The Minnesota Renaissance Festival is a long-standing tradition in Minnesota, this being it’s 46th year. The live armored jousting, 7 themed weekends, 16 stages of live entertainment, 250 artisan booths, food fit for a king, mermaids, fairies, and more, attracts an annual crowd of over 300,000. It’s open through October 2nd; which is this coming weekend.
3. Fall Leaves.
Everything green is soon going to be all different shades of red, yellow and orange. People come to Minnesota from all over the country to see the changing autumn leaves. We have tons of walking trails, state parks, and waterfall locations that are perfect for experiencing the transition of the trees. Minnehaha Falls would be my go-to spot, living in Minneapolis and all, but some other places in the area I would recommend are Shadow Falls Park, Witch’s Hat Tower, and a trail in Minneapolis called “Quaking Bog.” Also, here are some places to check out that are a little farther drive; Lebanon Hills Regional Park, Taylors Falls, and Willow River Falls.
It’s the season of apple pies, banana bread, caramel apples, and pumpkin everything! Pumpkin pie, cookies, bread, lattes… You could bake with your family, bake alone and share with your friends, bake with your friends and share with the beautiful people that work in the StepUP office, etc., etc.
5. Apple Orchard.
Fall is apple season, and there is no better apple than an apple fresh from the orchard. In my experience, apples from the orchard are bigger and tastier, and there is a huge selection of apples you may have never even heard of. I grew up in Lindstrom, and one I always went to was the Pleasant Valley Orchard. A Minneapolis website put together a list of apple orchards near Minneapolis.
6. Pumpkin patch.
Pumpkins are the mascot of fall, and going to a pumpkin patch is a tradition you don’t want to miss. Picking out your pumpkin, decorating it, carving it; it’s all a part of the spirit of autumn. There’s also a matching list the pumpkin patches near Minneapolis.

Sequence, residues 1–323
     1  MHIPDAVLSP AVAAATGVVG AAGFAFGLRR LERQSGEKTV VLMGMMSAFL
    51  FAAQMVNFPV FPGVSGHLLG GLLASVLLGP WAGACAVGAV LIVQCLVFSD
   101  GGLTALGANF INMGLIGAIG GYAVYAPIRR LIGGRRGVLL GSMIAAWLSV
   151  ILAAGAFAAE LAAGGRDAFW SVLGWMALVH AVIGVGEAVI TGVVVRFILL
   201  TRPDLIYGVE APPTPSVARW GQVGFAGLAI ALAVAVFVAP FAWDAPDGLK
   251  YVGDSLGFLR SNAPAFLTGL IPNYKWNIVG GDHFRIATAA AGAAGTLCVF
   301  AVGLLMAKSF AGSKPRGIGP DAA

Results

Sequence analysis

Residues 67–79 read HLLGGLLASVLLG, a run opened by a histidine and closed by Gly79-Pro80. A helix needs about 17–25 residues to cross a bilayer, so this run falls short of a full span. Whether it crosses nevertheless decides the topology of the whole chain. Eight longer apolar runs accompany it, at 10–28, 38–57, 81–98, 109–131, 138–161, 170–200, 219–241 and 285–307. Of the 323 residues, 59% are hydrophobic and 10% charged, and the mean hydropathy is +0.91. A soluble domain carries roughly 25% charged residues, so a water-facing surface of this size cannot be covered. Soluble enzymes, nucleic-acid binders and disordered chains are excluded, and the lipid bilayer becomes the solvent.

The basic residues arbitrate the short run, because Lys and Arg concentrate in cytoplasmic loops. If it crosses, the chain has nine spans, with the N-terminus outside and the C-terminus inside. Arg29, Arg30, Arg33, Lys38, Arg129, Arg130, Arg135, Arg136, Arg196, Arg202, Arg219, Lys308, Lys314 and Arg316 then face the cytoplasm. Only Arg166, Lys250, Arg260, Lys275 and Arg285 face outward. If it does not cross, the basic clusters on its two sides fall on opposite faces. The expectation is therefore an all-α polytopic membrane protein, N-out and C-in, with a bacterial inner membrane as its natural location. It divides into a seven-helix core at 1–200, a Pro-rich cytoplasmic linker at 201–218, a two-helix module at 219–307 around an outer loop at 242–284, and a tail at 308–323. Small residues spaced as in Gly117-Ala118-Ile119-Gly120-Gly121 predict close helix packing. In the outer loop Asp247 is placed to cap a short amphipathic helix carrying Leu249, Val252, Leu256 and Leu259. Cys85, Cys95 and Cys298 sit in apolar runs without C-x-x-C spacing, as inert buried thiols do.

We do have that new U.S. Bank Stadium you could go catch a Vikings game at. Although, I heard tickets are super expensive so it might be cheaper to order chinese and watch the game at home. Also, Augsburg’s football season runs through November. You could attend a game to show school spirit and watch some football. The Auggie’s football schedule and stats can be viewed on the Augsburg Athletic’s website.
8. Stock up on sweaters.
It’s time to put the bro tanks and crop tops away; it’s sweater season. Sweaters are quite literally the perfect outdoor fall attire, while simultaneously being the perfect indoor winter attire. You could go pay full price for a nice sweater, or you could do what I do and go thrifting. For some reason, thrift shops always have the biggest, comfiest sweaters. Don’t wait too long to update your fall wardrobe, all the good ones might be gone!
9. Haunted House.
It is a little early for Halloween, but it’s never too early to pay for people to scare you. Minnesota has tons of attractions that do just that. The Soap Factory’s haunted basement starts September 30th and runs through Halloween night. It’s in downtown Minneapolis and I’ve heard it’s the best haunted attraction in Minnesota. Some others include Valleyscare, Pine Haven’s Haunted Hayride, Trail of Terror, and Fright Farm.
It’s Recovery Month! As defined by SAMHSA, “National Recovery Month (Recovery Month) is a national observance held every September to educate Americans that substance use treatment and mental health services can enable those with a mental and/or substance use disorder to live a healthy and rewarding life.”
This week, I reached out to students in the StepUP community to uncover different perspectives of what recovery means to different people. We have a lot of amazing students in our community with amazing stories, and it was a good opportunity to learn more about some of my classmates. Here is what the community had to say:
“Recovery, to me, is an essential part of my life; I strongly believe I would be dead without it. Recovery means becoming close with fellows and becoming a part of a family you will never forget. Recovery most of the time looks like love, serenity, and freedom. Although I do have my bad days, I would never trade what I have today for anything.” -Emma S.
“Recovery, to me, is being able to participate and be a role model in society. It means living a spiritual life and adhering to my buddhist vows. It’s also not relying on any external sources for my happiness; like people, drugs, or grades.”-Kaleb N.
“The healing gift of hugging my grandparents without feeling like a fraud; the quiet joy of sharing a genuine smile with a passing stranger; this deep stillness in an ever-turbulent world– how could I truly say what recovery has done for me?” -Chad B.
“Recovery to me is not just being sober. It is bettering myself and improving my self awareness. I also see recovery as being a part of a bigger picture in life, and I need to be of service to that larger picture as best I can. Under the watch of my Higher Power I need to be helpful, insightful, loving, and understanding to and of all other things in my life, so I can live life happy and on life’s terms.” -Matt K.